Know how the Women’s Gymnastics Team Final turned out?  The next question is, did you WANT to find out?

Millions of Americans are struggling with NBC’s decision not to show some of the most popular Olympic events live as they happen from London, choosing instead to air these events in prime time on a tape delay. That would have worked fine back in 1992 when the Games were in Barcelona, but these days, it just won’t fly. Sports fans hoping to avoid hearing the results until they can see the events in their full glory in prime time must run a gauntlet of mobile app push notifications, website coverage and word of mouth if they want to avoid hearing the results in advance.

But fear not!  The London 2012 Games have been dubbed the “Digital Olympics” because of the prolific content being disseminated to audiences the world over in real time. And you can be a part of it!

To watch live coverage of the Olympic events – ALL of the Olympic events – you need three simple things:

1)  A cable, satellite or digital subscription which includes NBC (most do). You’ll need your account login ID and password. If you don’t have a login ID, you’ll need your account number and may have to call your cable company.

2) A computer, smartphone or tablet with Internet, data or wi-fi connectivity

3) TIME!

NBC has provided streaming access to all Olympic events, everything from gymnastics to swimming to the qualifying matches in air rifle and table tennis. Additionally, you can watch full replay coverage of every event, every match, online at If you want to use your phone or tablet, you can download the Live Extra app from NBC, absolutely free.

Here’s how to do it. It takes just a few minutes and in most cases, you only have to do it one time.


1)  Go to

2)  Click the red “Get Ready” box, where you’ll be prompted with an array of cable and satellite choices and a pulldown box with more choices. Pick yours.

3)  Enter your login information. Kids, ask your parents for permission first.

4)  Watch the Games!


1)  Go to your AppStore and search NBC Live Extra, or NBC Olympics.

2)  Download the NBC Live Extra App, fo free.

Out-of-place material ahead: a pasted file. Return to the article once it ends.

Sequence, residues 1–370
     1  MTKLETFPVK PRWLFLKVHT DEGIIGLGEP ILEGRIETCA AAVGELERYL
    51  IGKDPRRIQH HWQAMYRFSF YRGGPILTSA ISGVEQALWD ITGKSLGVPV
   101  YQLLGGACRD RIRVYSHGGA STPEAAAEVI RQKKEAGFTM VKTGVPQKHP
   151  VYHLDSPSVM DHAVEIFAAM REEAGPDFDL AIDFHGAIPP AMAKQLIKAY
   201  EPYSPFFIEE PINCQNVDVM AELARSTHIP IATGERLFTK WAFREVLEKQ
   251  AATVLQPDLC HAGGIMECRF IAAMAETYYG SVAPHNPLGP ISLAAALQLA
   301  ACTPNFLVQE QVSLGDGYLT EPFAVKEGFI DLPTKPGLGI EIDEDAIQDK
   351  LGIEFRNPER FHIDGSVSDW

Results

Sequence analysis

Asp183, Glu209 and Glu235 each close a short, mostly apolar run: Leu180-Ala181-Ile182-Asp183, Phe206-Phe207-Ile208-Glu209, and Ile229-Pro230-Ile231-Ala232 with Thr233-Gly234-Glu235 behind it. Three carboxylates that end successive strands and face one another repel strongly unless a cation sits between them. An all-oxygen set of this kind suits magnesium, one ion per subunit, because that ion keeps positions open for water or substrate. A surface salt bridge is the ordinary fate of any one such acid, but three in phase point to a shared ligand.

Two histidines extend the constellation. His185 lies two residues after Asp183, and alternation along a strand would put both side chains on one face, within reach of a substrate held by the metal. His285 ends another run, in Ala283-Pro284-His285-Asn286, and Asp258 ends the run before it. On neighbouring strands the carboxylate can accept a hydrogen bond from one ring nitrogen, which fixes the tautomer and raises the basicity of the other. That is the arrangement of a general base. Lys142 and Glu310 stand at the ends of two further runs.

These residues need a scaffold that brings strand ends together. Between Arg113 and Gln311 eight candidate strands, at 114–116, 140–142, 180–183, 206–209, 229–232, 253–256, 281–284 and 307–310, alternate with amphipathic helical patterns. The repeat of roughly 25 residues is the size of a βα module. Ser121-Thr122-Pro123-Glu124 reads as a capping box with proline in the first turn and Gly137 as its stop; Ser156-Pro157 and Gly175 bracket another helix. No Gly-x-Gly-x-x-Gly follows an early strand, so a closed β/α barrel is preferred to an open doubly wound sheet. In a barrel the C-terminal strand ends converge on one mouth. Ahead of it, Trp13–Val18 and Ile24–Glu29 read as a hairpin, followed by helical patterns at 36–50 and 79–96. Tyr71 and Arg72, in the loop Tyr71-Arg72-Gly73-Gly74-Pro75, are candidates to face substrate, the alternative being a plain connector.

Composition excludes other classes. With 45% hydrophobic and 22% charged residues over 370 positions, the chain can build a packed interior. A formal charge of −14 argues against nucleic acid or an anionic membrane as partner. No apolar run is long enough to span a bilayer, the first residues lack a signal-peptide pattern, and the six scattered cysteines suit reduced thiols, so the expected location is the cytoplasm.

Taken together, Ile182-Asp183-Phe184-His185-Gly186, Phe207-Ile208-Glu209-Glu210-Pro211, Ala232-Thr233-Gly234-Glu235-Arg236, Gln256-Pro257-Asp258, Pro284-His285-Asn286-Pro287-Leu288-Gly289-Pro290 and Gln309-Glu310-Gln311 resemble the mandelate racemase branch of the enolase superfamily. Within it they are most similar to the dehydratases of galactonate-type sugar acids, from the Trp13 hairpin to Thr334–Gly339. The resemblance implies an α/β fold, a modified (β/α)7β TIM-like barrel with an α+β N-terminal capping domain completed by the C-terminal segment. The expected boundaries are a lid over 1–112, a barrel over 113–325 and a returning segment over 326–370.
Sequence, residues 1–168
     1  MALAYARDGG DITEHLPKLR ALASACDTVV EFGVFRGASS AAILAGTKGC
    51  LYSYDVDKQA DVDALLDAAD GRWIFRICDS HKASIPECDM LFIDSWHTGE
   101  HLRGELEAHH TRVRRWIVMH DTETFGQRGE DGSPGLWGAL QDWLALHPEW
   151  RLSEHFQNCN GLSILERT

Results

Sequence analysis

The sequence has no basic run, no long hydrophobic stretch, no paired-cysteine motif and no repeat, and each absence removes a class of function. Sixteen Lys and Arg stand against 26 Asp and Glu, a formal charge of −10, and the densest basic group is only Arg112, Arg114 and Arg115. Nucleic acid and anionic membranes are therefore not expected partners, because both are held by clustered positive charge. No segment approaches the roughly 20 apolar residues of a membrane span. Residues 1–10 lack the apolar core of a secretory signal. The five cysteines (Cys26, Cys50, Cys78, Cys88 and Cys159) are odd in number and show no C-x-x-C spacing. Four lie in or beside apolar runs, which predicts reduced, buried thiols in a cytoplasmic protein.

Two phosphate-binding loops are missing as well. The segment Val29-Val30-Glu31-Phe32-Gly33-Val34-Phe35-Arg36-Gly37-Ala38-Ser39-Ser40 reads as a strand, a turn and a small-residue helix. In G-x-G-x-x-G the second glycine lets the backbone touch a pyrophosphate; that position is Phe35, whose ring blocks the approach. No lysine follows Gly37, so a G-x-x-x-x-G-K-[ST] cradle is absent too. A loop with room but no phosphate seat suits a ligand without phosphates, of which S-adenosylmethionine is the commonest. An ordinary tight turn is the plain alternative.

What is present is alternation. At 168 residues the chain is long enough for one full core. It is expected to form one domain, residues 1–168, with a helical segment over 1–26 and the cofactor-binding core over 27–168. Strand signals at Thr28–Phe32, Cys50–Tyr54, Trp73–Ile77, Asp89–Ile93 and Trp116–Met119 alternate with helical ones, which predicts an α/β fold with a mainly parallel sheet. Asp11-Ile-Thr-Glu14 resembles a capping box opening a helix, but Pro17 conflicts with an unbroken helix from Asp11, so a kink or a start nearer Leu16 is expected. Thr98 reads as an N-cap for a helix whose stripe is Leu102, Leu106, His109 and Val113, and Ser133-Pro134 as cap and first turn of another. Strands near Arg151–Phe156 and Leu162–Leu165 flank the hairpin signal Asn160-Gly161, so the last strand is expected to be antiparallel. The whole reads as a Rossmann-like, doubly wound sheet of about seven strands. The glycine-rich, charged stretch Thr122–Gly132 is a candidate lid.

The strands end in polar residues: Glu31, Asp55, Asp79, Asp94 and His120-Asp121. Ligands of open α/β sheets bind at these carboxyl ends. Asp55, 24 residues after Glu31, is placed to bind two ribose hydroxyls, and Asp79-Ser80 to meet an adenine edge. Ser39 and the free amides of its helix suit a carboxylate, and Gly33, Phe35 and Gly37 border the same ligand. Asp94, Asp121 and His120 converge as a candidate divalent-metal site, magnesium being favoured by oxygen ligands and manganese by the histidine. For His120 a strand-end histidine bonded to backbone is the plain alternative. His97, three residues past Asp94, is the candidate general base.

3)  Open the app and, when prompted, select your cable or satellite provider.

4)  Enter your cable or satellite provider login information.

5)  Watch the Games!

2012 Summer Olympics – Day 4 Schedule

Today’s action. All times Central.

  • NOW:  Women’s Gymnastics Team Final (streaming online); Team USA Men’s Volleyball vs. Germany (NBC); Women’s Tennis – Varvara Lepchenko vs. Germany’s Julia Goerges; Women’s Tennis – Huber/Raymond vs. Radwanska/Radwanksa (POL) and Williams/Williams vs. Kerber/Lisicki (GER)
  • 11:15 a.m.:  Women’s Soccer vs. North Korea, Group Play
  • 12:45 p.m.:  Men’s Tennis vs. Russia, Bryan/Bryan vs. Davydenko/Youzhny
  • 1:00 p.m.:  Women’s Field Hockey vs. Argentina, Group Play
  • 1:30 p.m.:  Swimming, Americans Cullen Jones and Nathan Adrian swim in the semifinals of the Men’s 100m Freestyle
  • 1:40 p.m.:  Men’s Water Polo vs. Romania, Group Play
  • 1:41 p.m.:  Swimming, American medalists Allison Schmitt and Missy Franklin swim for gold in the Women’s 200m Freestyle Finals
  • 1:49 p.m.:  Swimming, American Olympic hero Michael Phelps swims for gold in his best event, and Tyler Clary also swims in the Men’s 200m Butterfly Finals
  • 2:12 p.m.:  Swimming, Americans Kathleen Hersey and Cammile Adams swim in the Women’s 200m Butterfly Semifinals
  • 2:20 p.m.:  Swimming, Americans Clark Burckle and Scott Weltz swim in the Men’s 200m Breaststroke Semifinals
  • 2:43 p.m.:  Swimming, Americans Caitlin Leverenz and world record holder Ariana Kukors swim for gold in the Women’s 200m Individual Medley Finals
  • 2:51 p.m.:  Swimming, Team USA will swim for gold in the Men’s 4 x 200m Freestyle Relay, likely to feature Michael Phelps
  • 3:00 p.m.:  Men’s Beach Volleyball vs. Spain, Dalhausser/Rogers vs. Gavira Collado/Herrera Allepuz
  • 4:15 p.m.:  Men’s Basketball vs. Tunisia, Group Play
  • 5:00 p.m.:  Women’s Beach Volleyball vs. Netherlands, Ross/Kessy vs. Van Iersel/Keizer

May-Treanor, Walsh Jennings Continue Dominance

When will the world acknowledge the greatness of Misty May-Treanor and Kerri Walsh Jennings?

Actually, most of the world has seemingly accepted this fact, which has only been proven by science time and time again, but for some reason pairs of volleyball players from countries far and wide are determined to challenge the reigning beach queens. The Czech Republic was the latest nation to fall to May-Treanor and Walsh Jennings – as good of an example of Olympic royalty as there is, having never lost a set of volleyball in the Olympics, let alone a match.

Walsh Jennings and May-Treanor won their 16th consecutive Olympic match and 32nd consecutive set, defeating Marketa Slukova and Kristyna Kolocova, 21-14, 21-19. The women showed brief hints of mortality in the second set, much like they did in their previous match against Australia, but both athletes tapped their respective strengths to pull out a clutch victory in the end.